The applicants did not contest that award but were happy to pocket it as it was. Unable to make use of an award which did not sound in money, the applicants sought to return to the arbitrator for quantification but by then Imbayago had “hung his boots” as they say in the sporting world. Instead they appeared before another arbitrator S. Willie who, on 9 March 2015 quantified the award directing that the first applicant be paid $13 350-16, the second applicant $20 739-25 and the third applicant $8 186-45. Significantly Willie did not award interest on those sums and again the applicants did not contest the exclusion of interest by way of appeal or otherwise. They were happy to register the award for enforcement as it was. They did not even invoke Article 34 (2) of the Model Law in the Arbitration Act.

In HC 1290/15, the applicants made an application for registration of the award by this court. Although the order granted by KAMOCHA J on 25 June 2015 is couched as a provisional order, it is the order which registered the arbitral award. What has caught my attention in that court order is clause 5 which reads:

“That the above amounts should be paid in full to each applicant, not later than the end of May 2015, taking into account the period the award was amended. Failure of which the amount shall accrue interest at the prescribed rate until final payment is done.”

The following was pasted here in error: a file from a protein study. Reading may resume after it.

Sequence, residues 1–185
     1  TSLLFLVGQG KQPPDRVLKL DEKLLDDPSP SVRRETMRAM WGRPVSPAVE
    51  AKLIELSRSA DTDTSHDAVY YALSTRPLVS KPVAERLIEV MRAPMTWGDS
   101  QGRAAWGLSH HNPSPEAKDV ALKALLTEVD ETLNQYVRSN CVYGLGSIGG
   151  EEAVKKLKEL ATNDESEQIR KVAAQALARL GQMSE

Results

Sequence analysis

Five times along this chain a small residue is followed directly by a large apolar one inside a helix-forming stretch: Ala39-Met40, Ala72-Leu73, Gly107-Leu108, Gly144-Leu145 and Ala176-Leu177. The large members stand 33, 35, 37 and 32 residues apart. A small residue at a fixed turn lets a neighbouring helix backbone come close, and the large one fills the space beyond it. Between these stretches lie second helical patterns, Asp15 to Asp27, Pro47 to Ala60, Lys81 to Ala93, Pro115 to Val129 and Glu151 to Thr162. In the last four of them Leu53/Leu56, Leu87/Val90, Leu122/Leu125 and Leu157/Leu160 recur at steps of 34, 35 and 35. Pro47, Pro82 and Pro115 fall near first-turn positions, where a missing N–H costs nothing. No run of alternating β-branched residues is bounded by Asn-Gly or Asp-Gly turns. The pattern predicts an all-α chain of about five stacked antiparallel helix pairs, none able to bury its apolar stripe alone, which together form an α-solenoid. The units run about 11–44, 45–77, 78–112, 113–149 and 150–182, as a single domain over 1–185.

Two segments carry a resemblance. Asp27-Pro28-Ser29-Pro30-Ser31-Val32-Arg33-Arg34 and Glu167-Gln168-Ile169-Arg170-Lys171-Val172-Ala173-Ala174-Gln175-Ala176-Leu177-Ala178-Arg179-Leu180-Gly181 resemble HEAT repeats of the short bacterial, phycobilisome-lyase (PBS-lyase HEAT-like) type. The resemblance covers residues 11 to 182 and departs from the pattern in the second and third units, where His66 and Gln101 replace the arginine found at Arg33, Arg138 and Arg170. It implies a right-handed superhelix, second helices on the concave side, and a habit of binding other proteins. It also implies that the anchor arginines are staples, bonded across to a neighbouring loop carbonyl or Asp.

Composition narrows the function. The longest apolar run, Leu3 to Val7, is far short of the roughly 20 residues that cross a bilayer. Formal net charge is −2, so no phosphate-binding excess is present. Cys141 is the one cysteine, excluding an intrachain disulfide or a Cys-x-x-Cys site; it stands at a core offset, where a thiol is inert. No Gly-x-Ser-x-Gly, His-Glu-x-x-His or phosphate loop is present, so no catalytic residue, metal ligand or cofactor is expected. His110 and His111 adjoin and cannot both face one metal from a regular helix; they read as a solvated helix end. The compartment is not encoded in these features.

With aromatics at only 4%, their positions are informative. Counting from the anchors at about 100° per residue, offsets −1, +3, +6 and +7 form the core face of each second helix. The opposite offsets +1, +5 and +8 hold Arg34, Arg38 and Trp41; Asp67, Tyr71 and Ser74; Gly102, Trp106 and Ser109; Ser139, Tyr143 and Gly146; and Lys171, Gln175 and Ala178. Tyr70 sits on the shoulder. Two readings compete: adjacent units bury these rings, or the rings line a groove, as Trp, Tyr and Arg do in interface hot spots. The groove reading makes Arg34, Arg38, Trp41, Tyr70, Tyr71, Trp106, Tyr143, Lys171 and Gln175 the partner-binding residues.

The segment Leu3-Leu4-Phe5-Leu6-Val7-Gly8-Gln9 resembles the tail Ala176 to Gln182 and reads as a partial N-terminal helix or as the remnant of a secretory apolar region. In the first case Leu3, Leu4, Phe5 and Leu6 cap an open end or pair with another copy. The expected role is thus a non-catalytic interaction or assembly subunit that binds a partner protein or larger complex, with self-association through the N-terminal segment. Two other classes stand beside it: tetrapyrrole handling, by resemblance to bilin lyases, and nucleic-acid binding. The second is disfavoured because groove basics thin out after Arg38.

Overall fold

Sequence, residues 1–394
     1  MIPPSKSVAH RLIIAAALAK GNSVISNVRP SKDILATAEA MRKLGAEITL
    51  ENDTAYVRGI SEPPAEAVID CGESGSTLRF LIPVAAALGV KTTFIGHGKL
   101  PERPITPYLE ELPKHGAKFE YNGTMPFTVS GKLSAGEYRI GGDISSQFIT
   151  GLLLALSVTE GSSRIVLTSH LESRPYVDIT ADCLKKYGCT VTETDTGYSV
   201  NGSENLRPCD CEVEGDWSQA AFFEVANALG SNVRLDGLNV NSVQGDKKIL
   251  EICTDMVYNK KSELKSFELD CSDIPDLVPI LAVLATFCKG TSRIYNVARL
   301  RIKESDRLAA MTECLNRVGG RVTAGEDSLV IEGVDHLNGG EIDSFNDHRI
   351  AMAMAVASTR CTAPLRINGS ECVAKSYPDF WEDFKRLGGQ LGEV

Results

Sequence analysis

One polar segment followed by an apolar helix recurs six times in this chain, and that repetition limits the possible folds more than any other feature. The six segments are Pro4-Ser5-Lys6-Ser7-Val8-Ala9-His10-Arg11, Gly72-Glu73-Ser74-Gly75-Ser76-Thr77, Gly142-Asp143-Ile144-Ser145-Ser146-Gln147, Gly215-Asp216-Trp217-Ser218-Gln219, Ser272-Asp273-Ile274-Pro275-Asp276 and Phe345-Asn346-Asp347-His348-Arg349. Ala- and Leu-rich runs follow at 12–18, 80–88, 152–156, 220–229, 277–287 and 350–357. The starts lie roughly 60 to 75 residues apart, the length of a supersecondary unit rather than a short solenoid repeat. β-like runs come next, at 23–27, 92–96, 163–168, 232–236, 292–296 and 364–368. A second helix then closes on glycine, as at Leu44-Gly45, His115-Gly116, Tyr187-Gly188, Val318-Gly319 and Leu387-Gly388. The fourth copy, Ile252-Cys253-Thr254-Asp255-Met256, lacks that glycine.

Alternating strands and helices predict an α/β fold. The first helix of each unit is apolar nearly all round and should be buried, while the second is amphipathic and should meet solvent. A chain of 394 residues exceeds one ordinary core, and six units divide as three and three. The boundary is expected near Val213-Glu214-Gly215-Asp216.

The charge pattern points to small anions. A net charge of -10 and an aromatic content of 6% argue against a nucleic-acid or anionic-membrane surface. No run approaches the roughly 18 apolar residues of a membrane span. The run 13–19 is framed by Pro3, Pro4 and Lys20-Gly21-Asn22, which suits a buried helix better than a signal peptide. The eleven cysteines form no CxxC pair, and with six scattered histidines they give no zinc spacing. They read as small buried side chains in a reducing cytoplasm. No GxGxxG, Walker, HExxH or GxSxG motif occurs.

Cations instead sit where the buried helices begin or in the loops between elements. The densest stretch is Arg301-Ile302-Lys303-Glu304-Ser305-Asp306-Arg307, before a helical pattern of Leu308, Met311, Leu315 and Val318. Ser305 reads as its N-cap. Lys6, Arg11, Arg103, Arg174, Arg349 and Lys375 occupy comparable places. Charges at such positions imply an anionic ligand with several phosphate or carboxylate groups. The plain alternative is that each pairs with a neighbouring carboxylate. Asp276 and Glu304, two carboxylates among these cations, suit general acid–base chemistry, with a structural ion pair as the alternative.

What is the meaning of that clause? The parties did not address me on that at all. The first applicant who claimed to speak on behalf of all the applicants submitted that the order of KAMOCHA J did not award interest but only “hinted” on interest. He busied himself with making submissions on the unfairness of paying what was due to them in instalments submitting that this court should, for that reason, award interest in retrospect on the sums already paid to them.

I have said that the order of KAMOCHA J is couched as a provisional order. I say this because its preamble reads:


Respondent show cause why the following order should not be made:-


Worded as a show cause order, it does not however have a return date. It also does not indicate when and how the respondent should show cause. Whatever the case, it is that registration order which the applicants sought to enforce. They were then paid the sums due to them in instalments. After being paid they made this application seeking an order that they be paid interest at the rate of 5% per annum on the sums awarded to them by the arbitrator “from 27 September 2010 to the end of 2015, the date of final payment.”

If the order of KAMOCHA J is a final order, and I find it unnecessary to make such a pronouncement given that it was not placed in issue and the parties did not address me on it, then interest was provided for at the registration of the arbitral award. The portion of the order that I have referred to above can only mean that if the respondent did not pay the sums due to the applicants by “the end of May 2015” then interest was to accrue on any outstanding amount at the prescribed rate from 31 May 2015 up to date of final payment.